It’s June! Time to luv-a-turkey, hug-a-kitty, eat-yer-veggies…and panic!

Kathleen Stachowski
Other Nations

June is upon us, and with it comes special day designations that prompt both cheering and jeering from the animal advocacy crowd. Ready? Let’s get start with the big, month-long picture.

June is Turkey Lovers Month! But sadly–and predictably–that “love” is gastronomic in nature, so we suggest lovin’ ‘em in a kinder, gentler manner. You’ve heard the myth that they’re so dumb they’ll drown looking up at the sky in a rainstorm? Huh-uh. “Smart animals with personality and character” is how one scientist describes turkeys. Downer alert: Watch Mercy for Animals’ undercover video filmed at a Butterball facility…no turkey lovers here.

If captive animals make you blue, you won’t be celebrating National Zoo and Aquarium Month.   Continue reading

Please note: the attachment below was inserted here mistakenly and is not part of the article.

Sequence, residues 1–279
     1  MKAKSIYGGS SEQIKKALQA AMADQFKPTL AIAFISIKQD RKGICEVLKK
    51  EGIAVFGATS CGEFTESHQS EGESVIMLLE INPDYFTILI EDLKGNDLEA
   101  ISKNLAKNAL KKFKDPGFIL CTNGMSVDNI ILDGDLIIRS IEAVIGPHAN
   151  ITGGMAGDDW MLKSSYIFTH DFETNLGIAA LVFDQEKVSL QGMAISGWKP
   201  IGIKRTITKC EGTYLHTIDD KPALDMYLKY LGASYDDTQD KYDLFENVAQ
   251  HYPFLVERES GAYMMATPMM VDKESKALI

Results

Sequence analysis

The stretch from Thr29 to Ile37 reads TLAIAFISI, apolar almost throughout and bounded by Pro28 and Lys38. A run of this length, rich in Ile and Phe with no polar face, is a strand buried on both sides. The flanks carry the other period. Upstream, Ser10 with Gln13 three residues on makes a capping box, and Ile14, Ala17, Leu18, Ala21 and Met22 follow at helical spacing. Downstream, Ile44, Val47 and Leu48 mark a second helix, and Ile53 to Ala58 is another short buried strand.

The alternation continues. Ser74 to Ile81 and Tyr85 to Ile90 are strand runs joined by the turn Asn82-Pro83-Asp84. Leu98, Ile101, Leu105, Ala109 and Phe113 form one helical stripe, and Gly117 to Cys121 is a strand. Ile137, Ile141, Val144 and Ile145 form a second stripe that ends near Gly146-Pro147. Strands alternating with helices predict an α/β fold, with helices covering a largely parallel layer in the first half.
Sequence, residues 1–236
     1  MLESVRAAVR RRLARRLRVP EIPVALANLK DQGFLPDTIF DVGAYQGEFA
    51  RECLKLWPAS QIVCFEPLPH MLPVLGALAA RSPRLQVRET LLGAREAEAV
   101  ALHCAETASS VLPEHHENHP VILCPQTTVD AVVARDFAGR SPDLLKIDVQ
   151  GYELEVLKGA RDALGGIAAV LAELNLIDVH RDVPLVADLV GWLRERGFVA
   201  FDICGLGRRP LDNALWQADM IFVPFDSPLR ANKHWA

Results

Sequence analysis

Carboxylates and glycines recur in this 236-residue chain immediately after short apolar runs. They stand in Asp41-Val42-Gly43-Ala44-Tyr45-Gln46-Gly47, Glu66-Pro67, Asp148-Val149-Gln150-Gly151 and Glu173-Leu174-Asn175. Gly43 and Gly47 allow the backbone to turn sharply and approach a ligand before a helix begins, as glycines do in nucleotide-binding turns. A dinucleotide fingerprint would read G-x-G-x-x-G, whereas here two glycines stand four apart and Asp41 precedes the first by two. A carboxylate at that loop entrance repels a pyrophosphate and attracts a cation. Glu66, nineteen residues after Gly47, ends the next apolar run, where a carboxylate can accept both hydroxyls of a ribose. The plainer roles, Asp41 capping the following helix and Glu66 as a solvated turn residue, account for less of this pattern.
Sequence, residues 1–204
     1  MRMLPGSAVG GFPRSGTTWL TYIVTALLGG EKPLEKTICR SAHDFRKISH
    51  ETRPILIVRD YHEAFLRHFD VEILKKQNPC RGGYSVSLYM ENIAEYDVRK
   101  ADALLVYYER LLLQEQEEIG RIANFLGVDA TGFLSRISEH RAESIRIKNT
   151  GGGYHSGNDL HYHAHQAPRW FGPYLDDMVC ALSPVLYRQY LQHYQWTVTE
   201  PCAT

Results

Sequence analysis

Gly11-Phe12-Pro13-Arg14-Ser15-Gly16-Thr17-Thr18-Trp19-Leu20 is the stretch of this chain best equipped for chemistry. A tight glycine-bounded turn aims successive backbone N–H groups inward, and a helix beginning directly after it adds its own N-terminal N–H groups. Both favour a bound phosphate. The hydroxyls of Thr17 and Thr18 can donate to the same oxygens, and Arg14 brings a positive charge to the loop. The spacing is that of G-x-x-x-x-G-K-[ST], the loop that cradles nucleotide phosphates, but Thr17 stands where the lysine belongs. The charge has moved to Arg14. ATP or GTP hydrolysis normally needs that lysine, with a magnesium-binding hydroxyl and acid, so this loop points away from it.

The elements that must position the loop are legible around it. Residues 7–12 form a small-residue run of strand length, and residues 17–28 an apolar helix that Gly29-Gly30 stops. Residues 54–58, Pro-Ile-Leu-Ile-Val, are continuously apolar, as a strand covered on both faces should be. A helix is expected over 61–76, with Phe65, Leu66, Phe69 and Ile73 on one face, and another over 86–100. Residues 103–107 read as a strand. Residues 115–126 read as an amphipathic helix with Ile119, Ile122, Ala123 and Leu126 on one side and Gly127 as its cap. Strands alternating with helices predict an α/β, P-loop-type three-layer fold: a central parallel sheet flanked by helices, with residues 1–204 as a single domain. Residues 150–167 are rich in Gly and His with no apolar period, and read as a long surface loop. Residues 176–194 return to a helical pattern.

Rabbit ranching: Pat the bunny, whack the bunny

Kathleen Stachowski  Other Nations

Easter morning dawned bright and beautiful in Western Montana. I glanced out the window and there sat Sylvilagus nuttalliithe mountain cottontail. Though our mostly-wild, predominantly-native property is perfect habitat, rabbits don’t show themselves readily, and the sighting was a special treat. I mean, who doesn’t love a bunny?!? Then I recalled the day a few years back when we heard gun shots across the road and saw the neighbor throw a limp body from his then-unfenced garden. No, not everyone loves a bunny.